Category Archives: Uncategorized

HASC, Clegg and drug policy reform

The publication of the Home Affairs Select Committee report on drug policy, followed by Nick Clegg’s intervention on the matter, raised a huge amount of interest in the field, prompting a flurry of media appearances, tweets, blogs and the like. … Continue reading

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More politics, less evidence!

A familiar trope in drug policy debates is the idea that policy-makers should pay closer attention to research and that there is a choice to be made between, on one side, ‘science’ and ‘evidence’, and on the other, ‘dogma’ and … Continue reading

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The politics of recovery

There is a widely-held view that drug policy in Britain (and elsewhere) is in the throes of a major transformation. Whereas for the last decade or longer, the policy obsession seemed to be with crime and criminal justice, over the … Continue reading

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Drug policy, prohibition and public health

Drug policy campaigners often call for policy to be re-oriented towards public health, as a more progressive and constructive approach than the criminalising strategy of prohibition. The broad thrust of this type of call is that we should be more … Continue reading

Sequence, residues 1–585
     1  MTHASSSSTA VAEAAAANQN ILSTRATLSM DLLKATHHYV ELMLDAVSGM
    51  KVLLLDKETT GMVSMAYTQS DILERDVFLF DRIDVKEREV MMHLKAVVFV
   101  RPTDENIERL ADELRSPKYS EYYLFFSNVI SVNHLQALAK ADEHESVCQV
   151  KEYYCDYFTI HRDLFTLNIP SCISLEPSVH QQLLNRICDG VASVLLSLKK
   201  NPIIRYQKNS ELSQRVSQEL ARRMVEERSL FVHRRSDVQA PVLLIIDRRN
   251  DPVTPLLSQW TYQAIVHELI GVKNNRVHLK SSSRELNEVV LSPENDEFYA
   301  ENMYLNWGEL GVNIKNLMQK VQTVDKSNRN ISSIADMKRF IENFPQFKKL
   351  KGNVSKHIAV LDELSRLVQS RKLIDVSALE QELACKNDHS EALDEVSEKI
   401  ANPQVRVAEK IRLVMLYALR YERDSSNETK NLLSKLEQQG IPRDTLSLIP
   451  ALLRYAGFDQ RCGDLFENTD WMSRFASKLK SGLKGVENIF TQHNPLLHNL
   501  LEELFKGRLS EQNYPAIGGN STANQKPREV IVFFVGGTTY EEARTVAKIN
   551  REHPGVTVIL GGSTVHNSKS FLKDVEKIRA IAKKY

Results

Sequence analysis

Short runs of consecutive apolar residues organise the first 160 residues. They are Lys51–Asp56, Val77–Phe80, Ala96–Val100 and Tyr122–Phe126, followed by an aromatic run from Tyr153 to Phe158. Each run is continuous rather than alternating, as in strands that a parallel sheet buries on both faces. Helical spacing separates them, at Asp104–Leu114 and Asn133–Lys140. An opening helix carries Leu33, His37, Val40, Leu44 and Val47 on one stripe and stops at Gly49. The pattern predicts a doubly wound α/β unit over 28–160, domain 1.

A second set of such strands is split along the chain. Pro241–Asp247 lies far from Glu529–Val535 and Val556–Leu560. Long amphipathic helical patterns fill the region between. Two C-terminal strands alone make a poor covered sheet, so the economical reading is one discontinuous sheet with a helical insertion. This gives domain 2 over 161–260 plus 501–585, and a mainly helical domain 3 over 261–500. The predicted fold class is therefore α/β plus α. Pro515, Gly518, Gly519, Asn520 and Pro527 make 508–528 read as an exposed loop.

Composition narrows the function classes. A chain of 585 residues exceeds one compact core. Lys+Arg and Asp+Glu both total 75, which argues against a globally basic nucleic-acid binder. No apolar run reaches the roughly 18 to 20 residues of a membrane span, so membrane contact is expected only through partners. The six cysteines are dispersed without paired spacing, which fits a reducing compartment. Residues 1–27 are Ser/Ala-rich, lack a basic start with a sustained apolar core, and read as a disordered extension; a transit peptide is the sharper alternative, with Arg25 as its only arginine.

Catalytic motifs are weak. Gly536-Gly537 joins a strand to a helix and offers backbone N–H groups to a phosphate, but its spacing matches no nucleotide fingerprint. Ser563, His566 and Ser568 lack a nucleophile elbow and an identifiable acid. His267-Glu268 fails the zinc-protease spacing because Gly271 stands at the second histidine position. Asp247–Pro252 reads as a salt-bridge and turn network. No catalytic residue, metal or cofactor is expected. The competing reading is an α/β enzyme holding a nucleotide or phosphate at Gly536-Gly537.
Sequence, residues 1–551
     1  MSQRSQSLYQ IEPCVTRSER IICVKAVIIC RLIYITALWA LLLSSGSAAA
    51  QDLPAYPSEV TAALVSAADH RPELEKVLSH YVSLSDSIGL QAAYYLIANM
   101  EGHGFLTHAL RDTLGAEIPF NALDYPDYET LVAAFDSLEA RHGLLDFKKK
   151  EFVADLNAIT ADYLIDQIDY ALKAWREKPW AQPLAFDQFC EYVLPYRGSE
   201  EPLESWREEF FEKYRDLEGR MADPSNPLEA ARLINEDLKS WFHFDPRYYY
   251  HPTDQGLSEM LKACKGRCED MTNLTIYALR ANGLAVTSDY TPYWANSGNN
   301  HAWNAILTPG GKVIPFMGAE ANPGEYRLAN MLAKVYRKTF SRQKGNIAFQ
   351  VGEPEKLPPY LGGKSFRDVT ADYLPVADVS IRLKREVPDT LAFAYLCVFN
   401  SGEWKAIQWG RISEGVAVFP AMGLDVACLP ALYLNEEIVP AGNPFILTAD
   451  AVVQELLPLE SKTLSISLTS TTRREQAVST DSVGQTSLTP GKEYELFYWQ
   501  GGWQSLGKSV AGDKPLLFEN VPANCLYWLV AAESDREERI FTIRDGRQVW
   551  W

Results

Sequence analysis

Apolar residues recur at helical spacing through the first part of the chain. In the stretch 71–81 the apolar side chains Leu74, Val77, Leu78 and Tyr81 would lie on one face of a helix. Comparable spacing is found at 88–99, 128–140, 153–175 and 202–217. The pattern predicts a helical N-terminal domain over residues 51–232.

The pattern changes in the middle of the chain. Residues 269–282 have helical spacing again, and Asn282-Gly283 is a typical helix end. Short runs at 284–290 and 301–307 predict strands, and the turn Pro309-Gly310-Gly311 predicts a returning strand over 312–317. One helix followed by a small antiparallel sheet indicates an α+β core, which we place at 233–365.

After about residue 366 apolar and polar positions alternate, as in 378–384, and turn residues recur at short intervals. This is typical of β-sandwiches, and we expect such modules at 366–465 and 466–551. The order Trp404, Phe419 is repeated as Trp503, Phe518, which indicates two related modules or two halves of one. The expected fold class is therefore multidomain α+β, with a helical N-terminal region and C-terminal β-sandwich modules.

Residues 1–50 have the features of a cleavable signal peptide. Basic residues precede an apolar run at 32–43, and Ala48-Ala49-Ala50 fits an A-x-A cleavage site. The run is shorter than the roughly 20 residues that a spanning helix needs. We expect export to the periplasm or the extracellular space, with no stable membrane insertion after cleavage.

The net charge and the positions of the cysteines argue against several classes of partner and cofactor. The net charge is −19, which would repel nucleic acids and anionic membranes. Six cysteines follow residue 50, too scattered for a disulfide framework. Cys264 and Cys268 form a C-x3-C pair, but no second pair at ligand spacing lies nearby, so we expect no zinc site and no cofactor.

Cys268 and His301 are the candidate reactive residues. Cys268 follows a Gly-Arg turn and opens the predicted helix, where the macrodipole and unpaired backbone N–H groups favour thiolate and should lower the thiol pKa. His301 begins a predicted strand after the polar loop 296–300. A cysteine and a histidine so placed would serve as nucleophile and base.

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The Contractual Governance of Drug Users in Treatment

Over the last year, I have been working with my colleague Matthew Bacon on an ESRC-funded project studying the growing use of contract-like agreements with drug users in treatment settings. It’s been one of the most fascinating studies I’ve ever … Continue reading

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Visiting Oxford

Last month, I presented this paper at an All Souls Criminology Seminar in Oxford, at the kind invitation of Ian Loader. I promised those who were there that I’d blog about it and, although it’s taken a bit longer than … Continue reading

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ManReg: The Manchester Centre for Regulation, Governance & Security

Last Wednesday, I spent a very enjoyable afternoon here with a group of my colleagues from the Law School. Sat around the table were several lawyers with expertise in different fields, an economist, some criminologists and a handful of socio-legal … Continue reading

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